Before disposable pads were invented, women had to rely on rags, cotton, and/ or sheep’s wool placed in their underwear to catch period fluids during menstruation. Modern menstrual pads derived from a group of French nurses looking for new methods to stop excessive bleeding, particularly for use on wounded soldiers. In 1888, the first disposable menstrual pads were created, and called the Southball pad. The disposable pads did not take very long to catch on in America and in 1896 Johnson & Johnson developed their own version called Lister’s Towel: Sanitary Towel’s for Ladies. Since then, various manufacturers have brought many different types of disposable menstrual pads to market. Each brand selling menstrual pads offer different options, including absorbency (ranging from light to heavy), scented, unscented, size (length and width of pad), as well as style (i.e. with wings or without). Regardless of the exact type selected, all disposable menstrual pads are extremely easy to use.
Pads can be used anytime while you have your period. The average amount of blood loss per period is between 10 to 35 ml. A normal sized pad can hold about 5 ml of blood. This means that it is normal to soak through seven normal-sized pads during your period. Although the amount of blood may only require seven pads, the safe length of time to wear a pad will likely require you to use more. Most women experience menstrual bleeding for four to six days. Depending on your flow you should plan to change your pad between four to six hours.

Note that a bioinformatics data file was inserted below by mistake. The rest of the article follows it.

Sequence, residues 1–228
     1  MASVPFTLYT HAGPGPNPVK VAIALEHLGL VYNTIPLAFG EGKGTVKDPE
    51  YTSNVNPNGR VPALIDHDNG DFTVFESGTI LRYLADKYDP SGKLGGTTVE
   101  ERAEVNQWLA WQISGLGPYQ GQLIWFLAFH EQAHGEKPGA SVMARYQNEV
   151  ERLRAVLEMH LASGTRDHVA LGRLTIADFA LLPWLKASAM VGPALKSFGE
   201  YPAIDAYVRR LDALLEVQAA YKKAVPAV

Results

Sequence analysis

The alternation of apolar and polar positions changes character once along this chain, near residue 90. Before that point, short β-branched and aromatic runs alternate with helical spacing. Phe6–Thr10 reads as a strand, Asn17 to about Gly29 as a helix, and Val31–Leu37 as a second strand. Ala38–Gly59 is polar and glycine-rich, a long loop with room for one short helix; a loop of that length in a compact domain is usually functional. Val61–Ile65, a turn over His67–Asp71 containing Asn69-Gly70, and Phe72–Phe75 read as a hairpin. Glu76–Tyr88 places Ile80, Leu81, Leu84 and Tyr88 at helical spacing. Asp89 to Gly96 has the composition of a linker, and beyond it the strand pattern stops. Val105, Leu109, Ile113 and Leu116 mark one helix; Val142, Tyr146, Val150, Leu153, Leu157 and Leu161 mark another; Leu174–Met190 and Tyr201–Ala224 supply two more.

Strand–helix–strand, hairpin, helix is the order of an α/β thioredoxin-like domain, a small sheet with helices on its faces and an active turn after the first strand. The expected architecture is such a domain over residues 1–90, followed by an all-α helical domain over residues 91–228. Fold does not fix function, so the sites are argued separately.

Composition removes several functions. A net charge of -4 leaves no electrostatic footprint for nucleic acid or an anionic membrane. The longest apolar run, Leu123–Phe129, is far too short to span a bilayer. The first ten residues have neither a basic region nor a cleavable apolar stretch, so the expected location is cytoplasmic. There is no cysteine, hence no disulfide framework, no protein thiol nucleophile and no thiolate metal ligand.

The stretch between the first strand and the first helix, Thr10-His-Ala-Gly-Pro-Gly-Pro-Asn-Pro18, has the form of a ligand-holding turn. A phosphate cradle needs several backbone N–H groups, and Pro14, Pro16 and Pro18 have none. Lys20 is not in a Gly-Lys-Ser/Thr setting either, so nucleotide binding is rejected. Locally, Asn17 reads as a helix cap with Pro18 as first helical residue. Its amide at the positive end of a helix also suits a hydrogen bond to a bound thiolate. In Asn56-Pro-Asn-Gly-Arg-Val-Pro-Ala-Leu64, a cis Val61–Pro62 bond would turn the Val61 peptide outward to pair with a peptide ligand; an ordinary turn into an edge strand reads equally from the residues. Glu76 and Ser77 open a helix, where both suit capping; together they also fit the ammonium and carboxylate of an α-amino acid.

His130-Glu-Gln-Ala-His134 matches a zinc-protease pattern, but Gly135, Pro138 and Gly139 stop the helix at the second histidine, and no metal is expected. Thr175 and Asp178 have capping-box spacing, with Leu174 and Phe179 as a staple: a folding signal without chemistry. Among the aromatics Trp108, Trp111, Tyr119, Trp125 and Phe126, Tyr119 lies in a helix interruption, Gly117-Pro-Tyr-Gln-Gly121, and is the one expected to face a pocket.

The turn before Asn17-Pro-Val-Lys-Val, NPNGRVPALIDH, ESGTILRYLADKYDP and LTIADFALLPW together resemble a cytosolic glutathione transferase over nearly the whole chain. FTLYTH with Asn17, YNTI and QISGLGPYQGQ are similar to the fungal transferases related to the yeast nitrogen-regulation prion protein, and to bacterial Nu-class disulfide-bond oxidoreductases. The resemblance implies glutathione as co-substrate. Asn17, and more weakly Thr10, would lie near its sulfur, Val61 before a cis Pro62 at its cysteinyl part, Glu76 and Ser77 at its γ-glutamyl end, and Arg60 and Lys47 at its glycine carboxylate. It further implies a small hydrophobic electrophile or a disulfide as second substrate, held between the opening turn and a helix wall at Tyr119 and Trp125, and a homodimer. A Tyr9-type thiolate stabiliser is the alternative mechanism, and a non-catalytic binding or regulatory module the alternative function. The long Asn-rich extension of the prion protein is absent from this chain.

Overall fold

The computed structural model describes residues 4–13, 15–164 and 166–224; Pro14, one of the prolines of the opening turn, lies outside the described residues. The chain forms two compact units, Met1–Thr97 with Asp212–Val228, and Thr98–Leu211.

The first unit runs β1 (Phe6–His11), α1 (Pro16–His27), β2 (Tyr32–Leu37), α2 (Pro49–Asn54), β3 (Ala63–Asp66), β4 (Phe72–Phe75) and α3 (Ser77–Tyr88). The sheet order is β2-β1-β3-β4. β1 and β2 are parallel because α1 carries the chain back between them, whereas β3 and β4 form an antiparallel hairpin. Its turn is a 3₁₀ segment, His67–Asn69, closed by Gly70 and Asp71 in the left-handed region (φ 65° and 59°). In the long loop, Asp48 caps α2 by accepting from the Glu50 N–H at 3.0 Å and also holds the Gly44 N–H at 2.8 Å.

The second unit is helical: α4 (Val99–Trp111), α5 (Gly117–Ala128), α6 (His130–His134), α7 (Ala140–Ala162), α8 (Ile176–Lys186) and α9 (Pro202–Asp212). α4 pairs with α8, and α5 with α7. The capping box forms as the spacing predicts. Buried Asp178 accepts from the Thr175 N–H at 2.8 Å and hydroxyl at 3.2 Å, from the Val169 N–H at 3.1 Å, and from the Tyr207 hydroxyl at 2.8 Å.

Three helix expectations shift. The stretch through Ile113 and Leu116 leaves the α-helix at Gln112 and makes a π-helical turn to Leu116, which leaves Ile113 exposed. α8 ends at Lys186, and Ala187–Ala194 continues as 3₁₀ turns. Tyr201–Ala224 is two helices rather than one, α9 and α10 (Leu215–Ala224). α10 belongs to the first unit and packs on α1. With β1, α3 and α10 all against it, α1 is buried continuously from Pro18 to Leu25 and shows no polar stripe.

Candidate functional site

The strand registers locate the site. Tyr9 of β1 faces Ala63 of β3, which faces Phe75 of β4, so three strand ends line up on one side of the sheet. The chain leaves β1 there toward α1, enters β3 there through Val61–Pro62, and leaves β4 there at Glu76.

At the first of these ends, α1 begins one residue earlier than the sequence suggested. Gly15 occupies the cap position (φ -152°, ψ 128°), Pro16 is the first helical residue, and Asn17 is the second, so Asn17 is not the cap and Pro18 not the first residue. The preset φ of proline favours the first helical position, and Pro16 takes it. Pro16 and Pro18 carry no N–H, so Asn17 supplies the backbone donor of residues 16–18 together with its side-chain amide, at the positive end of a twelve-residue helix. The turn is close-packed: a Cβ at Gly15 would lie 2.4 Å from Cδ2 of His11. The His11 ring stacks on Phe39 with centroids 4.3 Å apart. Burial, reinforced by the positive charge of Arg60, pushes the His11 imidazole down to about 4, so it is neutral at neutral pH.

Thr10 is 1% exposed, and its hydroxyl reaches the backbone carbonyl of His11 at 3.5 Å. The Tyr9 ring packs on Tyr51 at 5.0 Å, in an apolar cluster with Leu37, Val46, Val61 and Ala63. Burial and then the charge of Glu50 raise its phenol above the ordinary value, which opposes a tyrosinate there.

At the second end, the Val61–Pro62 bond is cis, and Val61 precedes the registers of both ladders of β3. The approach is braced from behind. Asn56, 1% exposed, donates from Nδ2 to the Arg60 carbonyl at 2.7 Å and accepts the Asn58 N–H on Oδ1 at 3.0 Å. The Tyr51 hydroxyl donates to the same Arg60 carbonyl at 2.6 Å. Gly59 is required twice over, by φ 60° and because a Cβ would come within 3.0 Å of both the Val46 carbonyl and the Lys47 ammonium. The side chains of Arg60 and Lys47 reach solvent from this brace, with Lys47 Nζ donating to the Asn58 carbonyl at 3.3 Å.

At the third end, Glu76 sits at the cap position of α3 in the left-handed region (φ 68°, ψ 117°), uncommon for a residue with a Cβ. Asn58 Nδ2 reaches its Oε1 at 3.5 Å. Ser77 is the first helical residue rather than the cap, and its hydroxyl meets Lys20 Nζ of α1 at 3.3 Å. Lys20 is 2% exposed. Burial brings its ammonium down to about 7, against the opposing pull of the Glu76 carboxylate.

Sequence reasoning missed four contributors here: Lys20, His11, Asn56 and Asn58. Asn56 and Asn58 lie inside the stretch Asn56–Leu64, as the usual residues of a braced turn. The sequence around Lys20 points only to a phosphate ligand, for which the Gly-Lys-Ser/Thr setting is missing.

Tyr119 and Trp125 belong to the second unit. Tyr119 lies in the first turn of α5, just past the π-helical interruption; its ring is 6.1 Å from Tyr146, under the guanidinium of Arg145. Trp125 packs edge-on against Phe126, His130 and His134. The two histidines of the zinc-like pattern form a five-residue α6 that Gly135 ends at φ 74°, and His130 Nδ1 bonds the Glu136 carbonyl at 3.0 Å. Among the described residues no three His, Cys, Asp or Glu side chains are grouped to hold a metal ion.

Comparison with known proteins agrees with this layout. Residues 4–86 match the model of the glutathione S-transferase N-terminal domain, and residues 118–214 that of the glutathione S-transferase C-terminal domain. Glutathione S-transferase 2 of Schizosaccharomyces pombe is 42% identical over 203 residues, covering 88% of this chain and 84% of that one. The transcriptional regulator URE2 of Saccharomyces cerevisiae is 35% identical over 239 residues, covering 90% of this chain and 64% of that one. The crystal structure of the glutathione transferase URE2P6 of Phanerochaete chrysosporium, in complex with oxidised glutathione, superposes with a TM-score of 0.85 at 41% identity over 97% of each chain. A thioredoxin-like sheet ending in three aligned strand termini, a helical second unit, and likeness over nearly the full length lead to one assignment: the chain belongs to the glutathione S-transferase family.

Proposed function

Pads are used inside of your underwear, to catch and soak up the blood that is discharged from your vagina during your period. Menstrual pads have one side that is fully absorbent and a sticky strip on the other side that holds the pad in place in your underwear. The sticky side should be placed on the fabric of your underwear. You should check your pad every couple of hours during the day to see if it needs to be changed. Pads should be changed before it is fully soaked in blood to avoid leaking. Your period will not maintain the same flow the entire time: you will have some lighter flowing days and some heavier flowing days. It can be helpful to make use of the different pad sizes available during your period. Adjust which pad you use so it properly correlates to your needed absorbency. If you start to notice a smell, change your pad. There are many scented or deodorant pad options available, sometimes these versions can cause skin and/ or vagina irritation. Pads should not be worn when you swim. Pads are intended to soak up liquid, and if you go swimming with a pad it becomes ineffective as it will soak up tons of water, leaving little or no room for period liquid. When used correctly, pads are extremely discrete and no one (except you) will be able to see that you are wearing one.